Contrast-enhanced ultrasound was found to better detect high-grade prostate cancer than conventional methods, making it a more appropriate approach for screening clinically important cancers and monitoring low-risk ones with less biopsies, researchers from Thomas Jefferson University and Hospitals conclude in a phase III study published online in September in the Journal of Urology.
Findings from the randomized, double-blind trial revealed the technique, which uses microbubbles to measure change in blood flow, found almost three times as many higher grade cancers using half as many needle biopsies compared to systematic biopsy methods.
"Today, a physician may sample 12 to 18 tissue cores from the prostate in order to help diagnose a patient. But with contrast-enhanced, that number drops to six or even less," says lead author Ethan Halpern, M.D., co-director of the Prostate Diagnostic Center Thomas Jefferson University Hospital and professor of Radiology and Urology at Thomas Jefferson University. "So it's less invasive, and a more effective guidance tool. We've found that with contrast-enhanced ultrasound, we are much more likely to detect cancers on the image, and in this case, the higher grades."
Results from the clinical trial of 311 men, 118 of which had positive prostate cancer biopsies, revealed that targeted biopsies using contrast-enhanced ultrasound with microbubbles detected significantly more higher volume/grade prostate cancers (clinically significant) in men (55 percent) compared to a conventional prostate biopsy technique (17 percent).
Ultrasound imaging of the prostate is commonly used to assess the size of the gland and for needle placement during systematic biopsy, but is limited by difficulty in distinguishing benign from malignant tissue. What's makes contrast-enhanced ultrasound different is the microbubble contrast agents, tiny bubbles of gas contained within a supporting shell that are injected into the patient to help better measure changes in blood flow.
Prostate cancer, like many cancers, harbors abnormal blood vessel flow. This change in flow in the prostate can be measured by ultrasound; the microbubbles enhance the reflection of those ultrasound waves.
The technique has been used with success in Europe for some time, but researchers at Jefferson say it's ready for primetime in the United States. The U.S. Food and Drug Administration hasn't approved it for use for prostate screening, although it is used in other imaging applications.
In the clinical trial, researchers performed both targeted biopsies using contrast-enhanced ultrasound with flash replenishment maximum intensity projection MicroFlow Imaging on all patients, and a systematic 12-core biopsy protocol for comparison. The mean age of the patients was 62 years and a PSA level of 6.5ng/mL.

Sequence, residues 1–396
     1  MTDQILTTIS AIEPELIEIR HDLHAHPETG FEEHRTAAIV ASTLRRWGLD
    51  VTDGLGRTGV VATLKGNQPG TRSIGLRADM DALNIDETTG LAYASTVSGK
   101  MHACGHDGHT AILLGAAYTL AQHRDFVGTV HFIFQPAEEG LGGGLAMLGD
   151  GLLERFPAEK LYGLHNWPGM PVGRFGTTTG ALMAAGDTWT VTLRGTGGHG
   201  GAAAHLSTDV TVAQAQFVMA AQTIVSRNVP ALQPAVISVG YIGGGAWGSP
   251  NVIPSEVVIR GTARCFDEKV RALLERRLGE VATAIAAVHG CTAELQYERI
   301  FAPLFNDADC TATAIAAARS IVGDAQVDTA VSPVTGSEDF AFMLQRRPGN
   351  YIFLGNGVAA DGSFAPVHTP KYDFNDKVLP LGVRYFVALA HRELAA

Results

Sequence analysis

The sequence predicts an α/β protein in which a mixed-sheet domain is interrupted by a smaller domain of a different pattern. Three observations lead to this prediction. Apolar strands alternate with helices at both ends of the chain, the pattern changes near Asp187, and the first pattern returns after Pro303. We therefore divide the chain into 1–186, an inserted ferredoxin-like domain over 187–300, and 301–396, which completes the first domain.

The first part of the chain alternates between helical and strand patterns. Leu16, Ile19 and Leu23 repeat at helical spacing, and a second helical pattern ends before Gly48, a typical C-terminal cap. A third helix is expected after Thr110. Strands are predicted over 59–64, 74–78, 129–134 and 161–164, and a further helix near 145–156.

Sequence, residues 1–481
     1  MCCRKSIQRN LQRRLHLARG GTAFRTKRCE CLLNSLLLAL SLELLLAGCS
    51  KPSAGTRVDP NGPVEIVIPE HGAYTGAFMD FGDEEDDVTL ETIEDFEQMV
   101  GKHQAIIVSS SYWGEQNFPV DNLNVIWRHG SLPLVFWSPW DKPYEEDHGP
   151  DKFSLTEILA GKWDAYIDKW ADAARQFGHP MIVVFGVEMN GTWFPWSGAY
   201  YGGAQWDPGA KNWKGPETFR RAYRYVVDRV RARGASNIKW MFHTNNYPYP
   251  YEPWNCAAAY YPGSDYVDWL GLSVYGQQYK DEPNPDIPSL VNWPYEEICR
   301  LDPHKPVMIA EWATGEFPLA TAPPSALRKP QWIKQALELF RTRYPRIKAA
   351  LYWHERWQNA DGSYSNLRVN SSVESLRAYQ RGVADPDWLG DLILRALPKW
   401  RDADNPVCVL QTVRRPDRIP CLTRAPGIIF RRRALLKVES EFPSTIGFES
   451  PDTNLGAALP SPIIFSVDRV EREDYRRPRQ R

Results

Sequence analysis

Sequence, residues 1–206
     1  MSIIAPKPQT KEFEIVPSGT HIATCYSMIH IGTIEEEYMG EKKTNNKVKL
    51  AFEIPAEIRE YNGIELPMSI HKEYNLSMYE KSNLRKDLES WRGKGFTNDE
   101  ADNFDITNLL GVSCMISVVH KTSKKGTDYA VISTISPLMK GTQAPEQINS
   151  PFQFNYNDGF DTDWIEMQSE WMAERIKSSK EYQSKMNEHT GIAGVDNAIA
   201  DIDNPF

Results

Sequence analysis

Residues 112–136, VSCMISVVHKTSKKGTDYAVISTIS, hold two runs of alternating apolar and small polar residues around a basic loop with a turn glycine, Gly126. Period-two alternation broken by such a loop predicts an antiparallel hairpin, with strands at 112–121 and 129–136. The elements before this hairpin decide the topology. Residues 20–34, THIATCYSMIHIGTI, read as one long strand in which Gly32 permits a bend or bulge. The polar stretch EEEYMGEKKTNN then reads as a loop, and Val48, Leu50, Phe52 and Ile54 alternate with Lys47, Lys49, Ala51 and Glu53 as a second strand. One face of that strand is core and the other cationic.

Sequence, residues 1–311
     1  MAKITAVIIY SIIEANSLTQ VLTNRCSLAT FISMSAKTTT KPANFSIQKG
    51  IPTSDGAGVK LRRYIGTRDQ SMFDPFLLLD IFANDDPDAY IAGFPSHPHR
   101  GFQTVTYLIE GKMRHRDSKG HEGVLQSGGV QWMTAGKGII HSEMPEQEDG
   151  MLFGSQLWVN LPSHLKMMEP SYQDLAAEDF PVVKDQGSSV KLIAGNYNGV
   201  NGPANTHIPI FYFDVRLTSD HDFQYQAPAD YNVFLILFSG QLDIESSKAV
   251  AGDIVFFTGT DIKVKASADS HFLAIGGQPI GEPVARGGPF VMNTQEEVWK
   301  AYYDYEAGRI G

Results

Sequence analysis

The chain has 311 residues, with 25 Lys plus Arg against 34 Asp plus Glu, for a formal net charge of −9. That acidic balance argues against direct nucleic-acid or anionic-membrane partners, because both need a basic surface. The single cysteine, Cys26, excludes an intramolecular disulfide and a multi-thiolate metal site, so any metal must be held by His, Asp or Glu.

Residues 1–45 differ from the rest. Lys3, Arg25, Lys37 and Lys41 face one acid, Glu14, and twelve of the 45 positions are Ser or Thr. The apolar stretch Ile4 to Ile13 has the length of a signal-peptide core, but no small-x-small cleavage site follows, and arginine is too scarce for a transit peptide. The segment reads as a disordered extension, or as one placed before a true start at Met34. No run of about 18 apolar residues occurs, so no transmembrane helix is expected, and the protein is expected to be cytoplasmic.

"Our ultimate goal is to perform a limited number of targeted biopsies and leave the rest of the prostate alone," says Dr. Halpern. "This will provide a safer, more cost-effective approach to diagnosing prostate cancer."
Subjects were also randomized to pretreatment with dutasteride, a drug used to treat an enlarged prostate, and placebo; however, no was significant difference in the proportion of positive biopsies for prostate cancer.
Dr. Halpern, who is principal investigator on the four-year, National Cancer Institute-supported trial, has been developing and refining techniques to enhance targeted biopsy of the prostate for more than a decade, along with his colleagues at Jefferson, Edouard J. Trabulsi, M.D., co-director of the Prostate Diagnostic Center and associate professor of urology, Flemming Forsberg, Ph.D., a professor of Radiology, Barry Goldberg, M.D., director of the Division of Diagnostic Ultrasound, and Leonard Gomella, M.D., F.A.C.S., director for Clinical Affairs at the Kimmel Cancer Center at Jefferson, and Chair of the Department of Urology. Peter A. McCue, M.D., a professor in the Department of Pathology, Anatomy and Cell Biology at Jefferson, was also part of this study.
Prostate cancer often grows very slowly, and some men, particularly older men or men who have other serious health problems, may never need treatment. Instead they may benefit from active surveillance where their cancers are carefully monitored with various tests to determine if the cancer is beginning to be more aggressive.
"It stands to reason that the cost-benefit ratio for prostate cancer screening will improve if PSA screening is followed by a limited targeted biopsy based on contrast-enhanced ultrasound," says Dr. Trabulsi. "This also means contrast-enhanced ultrasound can act as another monitoring tool for active surveillance in low-grade cancer patients, potentially preventing unwarranted treatments."
This study was supported by the National Cancer Institute grant R01-CA118003.
Cite This Page: